SAVANNAH, Ga. – The shadowy organization that uses off duty police officers to keep the public out of meetings between legislators and corporate lobbyists now says the media are welcome. Sort of.

The sudden change in policy at the American Legislative Exchange Council was made after the 11Alive Investigators were kicked out of an ALEC legislative committee meeting inside a Savannah resort hotel. Chatham County Sheriff's deputies, directly hired and paid by ALEC, were used to remove us from the entire hotel even though we had paid for a room.

The ALEC media policy remains nearly identical to the one in place when we launched our investigation, but after our report the line barring media was quietly removed and replaced with, "plenary sessions and workshops are open to members of the media."

RELATED | ALEC responds to 11Alive Investigators report

A screen grab obtained by The Investigators in May and a capture of the same web page from earlier this year on archive.org both show the original line prohibiting reporters and their cameras: "business meetings and networking events are not open to members of the media."

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That media prohibition was quietly removed, and the new line was inserted at the same time ALEC complained to a political commentator that we had never contacted the organization before the event. It turns out we did reach out to ALEC media relations twice in the months leading up to the closed-door Savannah meeting, but we never received any response to our requests.

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Bill Meierling, the vice president of public affairs for ALEC, asked us to turn off our cameras and signaled to the deputies to have us removed when we started asking questions at the hotel in Savannah where Georgia legislators and corporate lobbyists were meeting behind closed doors discussing laws. We were wearing our state issued Georgia House and Senate credentials, but were kicked out because we were "not credentialed" by ALEC.

Earlier this week we were in Washington, DC on another assignment and offered ALEC another opportunity for an interview while were in town. We received no reply.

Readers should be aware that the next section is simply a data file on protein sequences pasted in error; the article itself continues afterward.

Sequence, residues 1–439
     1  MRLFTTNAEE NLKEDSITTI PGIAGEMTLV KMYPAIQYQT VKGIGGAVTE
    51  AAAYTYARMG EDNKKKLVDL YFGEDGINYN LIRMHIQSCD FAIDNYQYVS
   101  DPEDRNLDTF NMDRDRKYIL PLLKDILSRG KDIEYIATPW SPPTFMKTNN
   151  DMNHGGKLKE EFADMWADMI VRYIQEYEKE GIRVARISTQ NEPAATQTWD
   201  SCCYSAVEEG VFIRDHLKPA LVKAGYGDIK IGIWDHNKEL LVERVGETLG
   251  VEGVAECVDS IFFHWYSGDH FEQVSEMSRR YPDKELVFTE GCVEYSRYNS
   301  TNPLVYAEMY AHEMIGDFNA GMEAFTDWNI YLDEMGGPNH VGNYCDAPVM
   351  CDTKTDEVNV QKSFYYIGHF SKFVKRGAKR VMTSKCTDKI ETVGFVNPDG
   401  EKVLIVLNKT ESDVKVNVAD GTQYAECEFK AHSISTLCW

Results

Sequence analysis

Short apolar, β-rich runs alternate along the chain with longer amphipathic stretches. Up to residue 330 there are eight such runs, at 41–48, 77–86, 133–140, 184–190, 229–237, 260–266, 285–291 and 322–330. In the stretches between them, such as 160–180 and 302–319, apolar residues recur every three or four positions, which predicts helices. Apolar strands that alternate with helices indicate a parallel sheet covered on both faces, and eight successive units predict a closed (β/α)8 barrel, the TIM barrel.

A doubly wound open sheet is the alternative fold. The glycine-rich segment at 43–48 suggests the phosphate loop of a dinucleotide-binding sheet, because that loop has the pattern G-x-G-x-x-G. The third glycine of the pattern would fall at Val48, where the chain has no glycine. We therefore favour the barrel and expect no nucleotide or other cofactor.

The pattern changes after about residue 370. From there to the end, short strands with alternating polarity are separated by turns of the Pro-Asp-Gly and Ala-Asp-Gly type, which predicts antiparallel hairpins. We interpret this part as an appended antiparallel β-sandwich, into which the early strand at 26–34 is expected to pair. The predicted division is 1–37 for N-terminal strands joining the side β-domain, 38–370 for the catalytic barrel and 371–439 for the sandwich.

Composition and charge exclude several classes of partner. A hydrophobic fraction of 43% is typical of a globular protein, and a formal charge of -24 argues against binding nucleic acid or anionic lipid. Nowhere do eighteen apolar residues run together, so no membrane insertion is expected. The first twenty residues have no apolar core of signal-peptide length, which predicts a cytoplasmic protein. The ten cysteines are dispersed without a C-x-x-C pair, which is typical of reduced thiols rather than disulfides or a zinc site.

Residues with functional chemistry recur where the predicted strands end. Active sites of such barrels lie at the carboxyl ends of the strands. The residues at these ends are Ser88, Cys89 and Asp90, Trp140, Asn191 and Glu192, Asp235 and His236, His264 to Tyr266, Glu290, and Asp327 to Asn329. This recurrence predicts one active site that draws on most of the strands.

While Meierling still won't talk with us, he did speak to conservative talk show host Erick Erickson, insisting that we would have been welcome inside the meeting had we simply pre-registered for ALEC credentials. Erickson and Meierling insisted we had booked the hotel "under an assumed name." My whole family stayed at the hotel that week, and my wife and I booked the room under the name "Keefe" which I assumed 46 years ago at birth.

The radio interview also attributed a quote that ALEC was a group of "angry white men" to the wrong Georgia senator. Meierling and Erickson told listeners the quote came from Senator Nan Orrock, a democrat who was a member of a "left wing competitor of ALEC."

But Senator Orrock didn't say that. Republican senator and former ALEC member Renee Unterman told us ALEC was a group of "angry white men…controlled by industry".

We reported Senator Unterman had received thousands of dollars in "scholarships" from ALEC to attend events at the same time she helped pass an ALEC bill into law in Georgia. Senator Unterman told us she dropped out of ALEC, but she was angry the organization continued to count her as a member. "They continue to use my name to make it look like they have women in the Georgia delegation," Senator Unterman said.

Erickson summed up Meierling's interview by writing that the meeting was "open to the press" and had I applied for ALEC credentials, I "could have gone behind the very doors he claimed were closed in his face."

But ALEC changed the media policy after our report.

Had we accepted ALEC's media credential before or during our investigation, we would have been bound by the organization's rules barring the media from "business meetings" like the one they pulled us out of, and we would have had to ask for ALEC's blessing to record anything else.

Under the same policy that existed at the time, several reporters have been barred from covering previous ALEC task force meetings. Two years earlier, Meierling told a Washington Post reporter, "our business meetings are not open, and so the subcommittee meetings and task force meetings are not open." Other reporters have been denied media credentials altogether because ALEC didn't like what they had reported, and we were not the first reporters escorted from a hotel by police on the ALEC payroll.

ALEC's media policy both before and after our coverage of the Savannah event requires us to ask for permission to rebroadcast any video of ALEC meetings. We have unaired video inside the committee meeting showing the top state lobbyist for the cell phone industry sitting across from a Georgia legislator, and in the meeting they were talking about proposed laws. After ALEC spokesperson Bill Meierling wrote to us that the organization is all about "transparency", we asked him if we could air the footage from inside the committee room.

We still have not received an answer.